• Preventative medications to avert specific pneumonia varieties
  • Gene therapy
  • Stem cell or bone marrow transplants
  • Intravenous (IV) immunoglobulin infusions to help support the patient’s natural immune response to infections
  • Early diagnosis and prompt treatment of viral, bacterial, and fungal infections

The main treatment for SCID caused by ADA deficiency is stem cell transplantation. These blood-forming stem cells are specifically taken from the bone marrow of an unaffected sibling, so this treatment is only an option in some cases. If possible to perform, this treatment has been found effective in around 70% of patients with SCID. This includes SCID caused by ADA deficiency.

If a bone marrow stem cell transplant (BMT/SCT) isn’t possible for the particular patient, a doctor may recommend enzyme replacement therapy (ERT). In this case, the ERT replaces the missing or defective enzyme adenosine deaminase. The enzyme they use to replace the ADA is a genetically modified form of a bovine enzyme that can be used for humans.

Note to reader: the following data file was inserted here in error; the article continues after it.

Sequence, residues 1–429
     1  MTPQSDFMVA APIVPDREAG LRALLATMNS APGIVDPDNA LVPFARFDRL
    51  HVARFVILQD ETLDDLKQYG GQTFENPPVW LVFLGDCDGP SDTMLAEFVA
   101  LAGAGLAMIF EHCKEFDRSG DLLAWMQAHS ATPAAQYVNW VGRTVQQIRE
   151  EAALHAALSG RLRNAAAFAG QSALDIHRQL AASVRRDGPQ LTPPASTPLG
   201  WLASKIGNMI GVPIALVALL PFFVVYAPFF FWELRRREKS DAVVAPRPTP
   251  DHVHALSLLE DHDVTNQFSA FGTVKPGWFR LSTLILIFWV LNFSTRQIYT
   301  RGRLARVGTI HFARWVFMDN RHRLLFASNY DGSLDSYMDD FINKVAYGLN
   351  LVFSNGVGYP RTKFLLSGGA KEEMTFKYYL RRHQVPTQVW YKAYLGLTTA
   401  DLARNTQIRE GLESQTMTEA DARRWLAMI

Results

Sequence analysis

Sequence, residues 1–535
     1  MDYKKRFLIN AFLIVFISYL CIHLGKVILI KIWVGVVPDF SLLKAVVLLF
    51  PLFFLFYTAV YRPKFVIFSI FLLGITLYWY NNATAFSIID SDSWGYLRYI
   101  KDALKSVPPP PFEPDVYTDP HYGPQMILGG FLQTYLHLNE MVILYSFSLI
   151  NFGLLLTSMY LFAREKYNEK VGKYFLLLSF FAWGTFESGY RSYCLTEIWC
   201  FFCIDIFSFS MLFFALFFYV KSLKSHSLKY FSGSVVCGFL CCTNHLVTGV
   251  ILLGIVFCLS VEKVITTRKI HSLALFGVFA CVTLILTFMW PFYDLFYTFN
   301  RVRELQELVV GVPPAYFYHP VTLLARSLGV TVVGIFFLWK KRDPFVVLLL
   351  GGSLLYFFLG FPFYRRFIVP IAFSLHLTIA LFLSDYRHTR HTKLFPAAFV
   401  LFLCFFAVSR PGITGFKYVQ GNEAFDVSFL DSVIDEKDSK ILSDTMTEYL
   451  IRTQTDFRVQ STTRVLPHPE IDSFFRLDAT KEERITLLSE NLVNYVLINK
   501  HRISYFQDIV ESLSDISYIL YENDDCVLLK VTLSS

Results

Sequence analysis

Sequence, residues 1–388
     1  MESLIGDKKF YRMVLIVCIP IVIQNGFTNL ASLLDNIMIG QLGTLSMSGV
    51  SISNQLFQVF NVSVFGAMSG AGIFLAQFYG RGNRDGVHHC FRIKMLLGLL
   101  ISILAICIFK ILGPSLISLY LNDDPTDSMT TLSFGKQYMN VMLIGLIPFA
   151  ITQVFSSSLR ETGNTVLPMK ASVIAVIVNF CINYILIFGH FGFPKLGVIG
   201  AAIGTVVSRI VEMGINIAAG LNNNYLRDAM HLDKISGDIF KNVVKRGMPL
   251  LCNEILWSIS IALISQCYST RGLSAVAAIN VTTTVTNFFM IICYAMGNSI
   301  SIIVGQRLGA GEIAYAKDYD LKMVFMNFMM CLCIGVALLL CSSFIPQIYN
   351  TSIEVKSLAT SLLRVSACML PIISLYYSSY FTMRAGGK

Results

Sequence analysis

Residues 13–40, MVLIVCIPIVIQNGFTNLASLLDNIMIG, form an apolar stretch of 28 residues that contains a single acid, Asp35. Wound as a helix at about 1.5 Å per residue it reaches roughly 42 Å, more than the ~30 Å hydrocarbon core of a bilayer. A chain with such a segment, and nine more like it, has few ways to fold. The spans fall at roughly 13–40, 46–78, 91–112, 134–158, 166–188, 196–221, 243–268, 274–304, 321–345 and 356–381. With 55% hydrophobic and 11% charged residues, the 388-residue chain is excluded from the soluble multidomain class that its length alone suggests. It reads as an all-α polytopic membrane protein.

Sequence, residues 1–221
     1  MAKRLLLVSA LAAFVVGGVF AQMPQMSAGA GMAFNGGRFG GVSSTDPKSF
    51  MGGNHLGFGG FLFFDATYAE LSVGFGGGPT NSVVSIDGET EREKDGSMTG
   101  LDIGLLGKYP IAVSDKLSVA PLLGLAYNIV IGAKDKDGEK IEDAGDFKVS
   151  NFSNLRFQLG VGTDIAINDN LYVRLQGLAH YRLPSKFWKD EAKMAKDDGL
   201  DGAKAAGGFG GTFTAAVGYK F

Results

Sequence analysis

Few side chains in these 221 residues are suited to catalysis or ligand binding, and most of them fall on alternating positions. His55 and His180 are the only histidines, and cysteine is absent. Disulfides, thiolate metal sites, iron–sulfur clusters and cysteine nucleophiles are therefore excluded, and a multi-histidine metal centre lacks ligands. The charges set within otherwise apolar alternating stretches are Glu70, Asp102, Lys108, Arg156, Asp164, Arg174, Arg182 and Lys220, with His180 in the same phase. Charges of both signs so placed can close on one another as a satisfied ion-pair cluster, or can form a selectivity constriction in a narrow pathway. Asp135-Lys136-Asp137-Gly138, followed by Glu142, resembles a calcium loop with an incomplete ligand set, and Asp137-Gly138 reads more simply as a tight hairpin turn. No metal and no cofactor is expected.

Gene therapy is also another option, although offered only through clinical trials at the moment. Preliminary data shows the treatment to be successful in treating patients with SCID that stems from an ADA deficiency. Gene therapy typically entails replacing the non-working ADA gene copy with a functioning copy so that the patient can produce their own ADA enzyme.


How do medical professionals diagnose an ADA deficiency?

Health care providers can diagnose ADA deficiency one of three ways. The first way, which happens before a child is born, involves taking a very small tissue sample from the amniotic sac (chorionic villus sampling) and testing it for genetic markers of the disorder. The second method, done shortly after a baby is born, involves examining the enzyme levels of a blood sample taken from the umbilical cord. The third method is done at any age, and involves a simple blood sample, taken from the person to check their ADA levels.